This analysis considers the increased energy cost of the advanced treatment process, reverse osmosis, in comparison to average energy consumption of water treatment plants in the United States. Reverse osmosis separates dissolved solutes by pushing water through a semi-permeable membrane by means of a high-pressure gradient.28 The energy consumption of reverse osmosis varies a great deal depending on the quality of source water. Brackish water typically requires 3900–9700 kWh per million gallons29 to reduce dissolved solids to acceptable concentrations, while the desalination of saltwater can require as much as 37[thin space (1/6-em)]800 kWh per million gallons30 using reverse osmosis. This analysis assumes an energy consumption rate of 3900 kWh per million gallons of water treated in order to reflect the most conservative estimate of energy consumption. This value is likely to be higher for water of poor background quality.

As noted before, there are other treatment processes that are effective in the removal of nitrate but are not considered in this analysis because of shortcomings that limit their feasibility for large-scale applications. These processes include ion-exchange, electrodialysis, distillation, and biological denitrification.28

Ion-exchange processes commonly use resins to reduce nitrate by exchanging a common ion such as a sulfate radical, chloride ion, bisulfate ion, bicarbonate ion and carbonate ion for the nitrate radical.31 Ion-exchange membranes may also be used, which exchange ions in the membrane structure, similar to ion-exchange resins.30 Since these methods rely on the exchange of one contaminant ion for another regenerant ion, the exchange medium must be “regenerated” when there are no ions left to replace contaminant ions.21 The effectiveness of nitrate uptake is also compromised when water has a high level of hardness, since other ions that may compete with the ion-exchange process can be introduced.21 These characteristics make it difficult to use this process on a large-scale, as it requires careful monitoring. Electrodialysis is an ion-exchange membrane process that uses electricity to facilitate the exchange of ions, and consumes approximately 2600–5000 kWh per million gallons of water treated.30 However, electrodialysis is not reliable for large volumes of water since membranes often become obstructed by suspended particulates or salt precipitation, which limits the quantity of water that can be treated. All ion-exchange methods, including electrodialysis, also generate highly concentrated waste streams that must be carefully disposed.21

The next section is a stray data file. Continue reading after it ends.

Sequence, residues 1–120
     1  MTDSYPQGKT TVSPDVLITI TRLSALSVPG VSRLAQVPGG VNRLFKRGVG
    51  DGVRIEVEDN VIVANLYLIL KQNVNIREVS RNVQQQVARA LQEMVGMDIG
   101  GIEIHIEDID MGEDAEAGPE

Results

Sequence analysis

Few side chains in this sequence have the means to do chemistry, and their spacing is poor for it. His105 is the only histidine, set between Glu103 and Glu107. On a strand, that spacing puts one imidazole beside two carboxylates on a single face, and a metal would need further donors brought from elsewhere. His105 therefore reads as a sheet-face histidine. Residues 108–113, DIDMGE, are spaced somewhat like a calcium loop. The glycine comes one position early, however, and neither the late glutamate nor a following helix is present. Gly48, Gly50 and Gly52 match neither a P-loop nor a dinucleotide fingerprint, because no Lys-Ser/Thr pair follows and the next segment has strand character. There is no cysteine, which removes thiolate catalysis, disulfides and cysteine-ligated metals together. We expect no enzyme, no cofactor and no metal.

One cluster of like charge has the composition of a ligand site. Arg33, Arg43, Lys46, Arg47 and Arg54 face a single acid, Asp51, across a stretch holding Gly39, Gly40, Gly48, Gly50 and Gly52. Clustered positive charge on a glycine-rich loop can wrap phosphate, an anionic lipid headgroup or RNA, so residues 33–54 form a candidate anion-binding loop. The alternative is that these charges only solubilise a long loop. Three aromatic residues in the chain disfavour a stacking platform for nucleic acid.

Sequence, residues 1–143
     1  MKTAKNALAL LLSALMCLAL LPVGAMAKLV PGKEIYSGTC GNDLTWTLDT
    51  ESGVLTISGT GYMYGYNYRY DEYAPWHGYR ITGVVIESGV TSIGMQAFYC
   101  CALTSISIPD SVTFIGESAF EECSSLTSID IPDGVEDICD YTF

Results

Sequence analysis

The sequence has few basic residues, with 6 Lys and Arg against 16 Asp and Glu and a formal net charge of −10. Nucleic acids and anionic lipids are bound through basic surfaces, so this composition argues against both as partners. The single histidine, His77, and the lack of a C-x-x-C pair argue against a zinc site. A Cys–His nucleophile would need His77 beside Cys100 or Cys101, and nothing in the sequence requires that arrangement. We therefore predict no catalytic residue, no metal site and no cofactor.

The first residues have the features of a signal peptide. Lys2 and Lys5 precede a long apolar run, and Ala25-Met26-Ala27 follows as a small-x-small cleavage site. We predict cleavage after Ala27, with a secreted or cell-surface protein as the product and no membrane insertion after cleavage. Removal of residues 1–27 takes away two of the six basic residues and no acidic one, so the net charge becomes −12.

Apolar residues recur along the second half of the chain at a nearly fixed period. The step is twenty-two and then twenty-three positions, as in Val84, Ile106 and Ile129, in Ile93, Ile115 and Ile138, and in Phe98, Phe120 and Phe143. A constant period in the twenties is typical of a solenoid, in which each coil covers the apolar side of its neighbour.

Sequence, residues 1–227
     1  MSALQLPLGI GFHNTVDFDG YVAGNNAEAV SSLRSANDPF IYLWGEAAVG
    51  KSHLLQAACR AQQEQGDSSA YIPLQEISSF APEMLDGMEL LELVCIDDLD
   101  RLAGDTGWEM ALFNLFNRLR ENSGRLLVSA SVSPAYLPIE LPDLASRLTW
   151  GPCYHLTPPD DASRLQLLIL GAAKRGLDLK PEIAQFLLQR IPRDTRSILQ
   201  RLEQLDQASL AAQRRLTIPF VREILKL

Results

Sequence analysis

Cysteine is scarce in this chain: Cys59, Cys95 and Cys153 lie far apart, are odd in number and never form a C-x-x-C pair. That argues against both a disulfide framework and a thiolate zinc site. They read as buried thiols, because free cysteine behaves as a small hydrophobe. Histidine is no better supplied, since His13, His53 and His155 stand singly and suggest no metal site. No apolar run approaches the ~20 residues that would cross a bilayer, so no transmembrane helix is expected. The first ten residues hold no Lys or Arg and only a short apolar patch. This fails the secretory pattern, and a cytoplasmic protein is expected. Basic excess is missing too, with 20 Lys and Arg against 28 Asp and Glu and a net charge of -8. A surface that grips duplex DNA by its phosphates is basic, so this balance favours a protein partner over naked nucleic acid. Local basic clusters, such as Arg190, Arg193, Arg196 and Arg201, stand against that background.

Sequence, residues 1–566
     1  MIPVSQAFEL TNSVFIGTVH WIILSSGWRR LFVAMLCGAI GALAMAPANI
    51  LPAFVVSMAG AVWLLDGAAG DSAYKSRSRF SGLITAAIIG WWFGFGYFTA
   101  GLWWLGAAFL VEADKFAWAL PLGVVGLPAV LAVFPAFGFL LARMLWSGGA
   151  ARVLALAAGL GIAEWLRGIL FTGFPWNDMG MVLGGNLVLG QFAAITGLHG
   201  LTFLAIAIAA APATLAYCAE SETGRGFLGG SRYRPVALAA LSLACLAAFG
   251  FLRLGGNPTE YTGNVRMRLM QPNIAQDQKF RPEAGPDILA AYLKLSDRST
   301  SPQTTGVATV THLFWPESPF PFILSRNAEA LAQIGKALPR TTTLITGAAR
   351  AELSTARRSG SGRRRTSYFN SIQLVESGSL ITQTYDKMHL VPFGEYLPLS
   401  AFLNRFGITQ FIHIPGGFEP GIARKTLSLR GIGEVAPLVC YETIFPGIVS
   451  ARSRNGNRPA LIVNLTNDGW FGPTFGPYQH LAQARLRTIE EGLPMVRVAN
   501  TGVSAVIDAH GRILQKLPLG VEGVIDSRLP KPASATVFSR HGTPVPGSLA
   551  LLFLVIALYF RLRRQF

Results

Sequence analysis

Distillation requires significantly more energy than reverse osmosis for nitrate removal, and therefore, is not a likely treatment method for this purpose. Biological denitrification, which uses bacteria to reduce nitrate to nitrogen gas, is not a viable option for surface water treatment facilities, but may be an option for treating contaminated groundwater aquifers.